In a footnote to his Artforum essay ‘Frederick Law Olmsted and the Dialectical Landscape’ (1973), Robert Smithson quotes the ecologist Charles Reich’s contention that, faced with imminent environmental catastrophe, we had best not be distracted by economic and political problems. ‘My feeling is’, counters Smithson, ‘that these “hard questions” are going to have to be faced – even by artists. All the bogus spiritualists […] won’t be of any help.’ As the critic Jeffrey Kastner points out in his contribution to this complex and ambitious volume, Smithson’s spirit inevitably haunts any contemporary discussion of art and environment; his legacy, however, ought to consist precisely of the refusal of environmentalist piety.
Land, Art (the comma is essential) is less a compendium of belated responses to a certain Smithsonian moment, of ecologists’ appeals to the tradition of Land art, than a conceptual toolkit for comprehending the linked future of the two terms in question. The book’s model is perhaps Making Things Public, the vast anthology of art projects and essays assembled by Bruno Latour and Peter Weibel for the 2005 ZKM exhibition of the same title. Max Andrews has corralled a similarly disparate and suggestive array of writers and artists to produce a book that entirely eschews the consoling (even when apparently most concerned) rhetoric and imagery of mainstream environmental activism.
Instead, Land, Art addresses the specifics of art and agitation. Lara Almárcegui photographs wastelands at the edge of Europe’s industries, Nils Norman ‘Some Playgrounds in and around Tokyo’. Amy Balkin records her efforts to give away to the public a plot of desert she bought in California: the public sphere turns out to be fenced off at every turn. Thomas Hirschhorn discusses his Skulptur-Sortier-Station (1997) as a temporary, public intervention in economy and ecology. Meanwhile, the somewhat heroic history of Land art is rewritten as democratic and collective: Francis Alÿs’ When Faith Moves Mountains (2002) involved 500 people encircling a huge dune in Peru and attempting to move it with shovels while Tomás Saraceno attempts to capture the immensity of the sky above the Bolivian salt flats.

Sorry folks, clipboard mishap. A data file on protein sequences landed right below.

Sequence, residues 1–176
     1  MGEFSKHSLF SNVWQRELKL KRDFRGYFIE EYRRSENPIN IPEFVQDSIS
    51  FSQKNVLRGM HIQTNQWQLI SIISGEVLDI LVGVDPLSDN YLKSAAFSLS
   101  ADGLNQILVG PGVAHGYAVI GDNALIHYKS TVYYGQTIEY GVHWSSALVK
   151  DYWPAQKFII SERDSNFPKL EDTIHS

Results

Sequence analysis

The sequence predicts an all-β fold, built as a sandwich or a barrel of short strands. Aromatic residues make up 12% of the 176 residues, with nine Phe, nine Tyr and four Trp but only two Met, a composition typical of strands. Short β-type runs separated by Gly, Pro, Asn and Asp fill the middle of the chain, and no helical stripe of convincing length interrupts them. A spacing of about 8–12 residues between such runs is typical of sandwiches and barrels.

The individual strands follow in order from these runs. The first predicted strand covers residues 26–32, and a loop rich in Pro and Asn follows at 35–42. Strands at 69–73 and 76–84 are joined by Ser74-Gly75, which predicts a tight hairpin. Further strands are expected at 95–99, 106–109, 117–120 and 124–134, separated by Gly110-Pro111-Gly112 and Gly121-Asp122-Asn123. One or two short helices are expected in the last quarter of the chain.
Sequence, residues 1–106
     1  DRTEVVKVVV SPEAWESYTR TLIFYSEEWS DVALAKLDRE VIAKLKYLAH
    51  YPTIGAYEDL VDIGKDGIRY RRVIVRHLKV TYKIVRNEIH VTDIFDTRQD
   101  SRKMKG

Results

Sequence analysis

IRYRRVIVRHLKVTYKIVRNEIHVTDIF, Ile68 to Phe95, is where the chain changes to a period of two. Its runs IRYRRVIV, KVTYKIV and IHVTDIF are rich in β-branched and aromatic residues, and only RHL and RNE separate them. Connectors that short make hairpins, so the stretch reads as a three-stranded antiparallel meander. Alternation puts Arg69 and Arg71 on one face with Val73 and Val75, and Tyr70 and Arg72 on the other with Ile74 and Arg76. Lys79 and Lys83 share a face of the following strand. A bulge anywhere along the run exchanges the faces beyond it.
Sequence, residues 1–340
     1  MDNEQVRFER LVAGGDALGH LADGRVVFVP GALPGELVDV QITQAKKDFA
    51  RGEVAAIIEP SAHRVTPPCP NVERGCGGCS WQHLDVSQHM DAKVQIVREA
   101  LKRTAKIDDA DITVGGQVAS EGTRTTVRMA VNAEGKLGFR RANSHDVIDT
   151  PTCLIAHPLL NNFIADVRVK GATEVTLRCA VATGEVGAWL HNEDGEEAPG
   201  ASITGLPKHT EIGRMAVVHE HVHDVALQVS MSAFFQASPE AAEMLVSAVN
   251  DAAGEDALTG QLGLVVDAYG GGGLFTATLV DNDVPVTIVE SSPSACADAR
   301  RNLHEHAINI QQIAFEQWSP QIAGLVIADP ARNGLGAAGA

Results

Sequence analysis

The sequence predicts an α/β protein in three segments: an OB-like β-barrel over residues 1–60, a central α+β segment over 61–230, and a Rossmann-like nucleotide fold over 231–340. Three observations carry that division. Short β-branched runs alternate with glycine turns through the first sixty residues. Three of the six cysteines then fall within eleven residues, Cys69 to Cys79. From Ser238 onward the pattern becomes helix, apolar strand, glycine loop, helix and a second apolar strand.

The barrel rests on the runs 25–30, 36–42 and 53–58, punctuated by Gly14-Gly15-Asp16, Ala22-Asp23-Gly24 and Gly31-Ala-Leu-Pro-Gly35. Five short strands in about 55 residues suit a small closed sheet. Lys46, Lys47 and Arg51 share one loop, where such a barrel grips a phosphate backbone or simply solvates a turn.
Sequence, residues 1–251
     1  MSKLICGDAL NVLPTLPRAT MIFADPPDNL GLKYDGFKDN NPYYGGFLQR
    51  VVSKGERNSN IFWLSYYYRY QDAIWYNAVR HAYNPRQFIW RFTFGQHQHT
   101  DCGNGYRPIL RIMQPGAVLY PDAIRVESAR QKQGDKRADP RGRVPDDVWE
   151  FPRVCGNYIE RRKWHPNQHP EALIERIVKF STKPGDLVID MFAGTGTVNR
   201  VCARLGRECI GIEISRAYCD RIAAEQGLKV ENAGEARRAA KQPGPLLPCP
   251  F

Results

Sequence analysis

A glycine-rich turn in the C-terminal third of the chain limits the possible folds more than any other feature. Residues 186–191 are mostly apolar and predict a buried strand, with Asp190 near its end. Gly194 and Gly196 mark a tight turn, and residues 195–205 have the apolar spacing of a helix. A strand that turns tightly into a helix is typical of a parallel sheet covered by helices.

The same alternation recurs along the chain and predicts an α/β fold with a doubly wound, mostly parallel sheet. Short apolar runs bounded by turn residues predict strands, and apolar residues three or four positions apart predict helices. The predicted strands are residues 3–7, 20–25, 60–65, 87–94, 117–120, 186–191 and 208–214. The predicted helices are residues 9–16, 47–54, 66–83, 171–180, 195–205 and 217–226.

The most essential texts are those that risk the sort of dialectical thinking that Smithson recognized was lacking a quarter of a century ago. In an essay published in Artforum last year Bruce Sterling audaciously adduces the fashion world’s embrace of the green agenda (the kind of ‘greenwash’ that activists routinely decry) as hard evidence of how real global change, as opposed to local consciousness-raising, may occur. On one level it’s a preposterous, Swiftian, argument, but until environmentalists recognize and exploit the contradictions in global capital, they will be like Victorian philanthropists who looked at the poor and saw only victims, not actual historical agents.
A questionnaire elicited from Michael Shellenberger and Ted Nordhaus – the authors of the controversial essay ‘The Death of Environmentalism’ (2004) – advances a similar argument from very different premises. Advocating a new post-environmentalism, they point out that the now conventional distinction between the science of ecology and the politics of poverty means that neither can properly be addressed. Environmentalists behave as though some extra-human (actually, quasi-divine, hence the repeated insistence on looking within ourselves for sins against the environment) sort of nature were at issue, not a complex nexus of the economic, cultural and natural. Environmentalism, they conclude, ‘must die, so that a new, more relevant, expansive and powerful politics can be born’.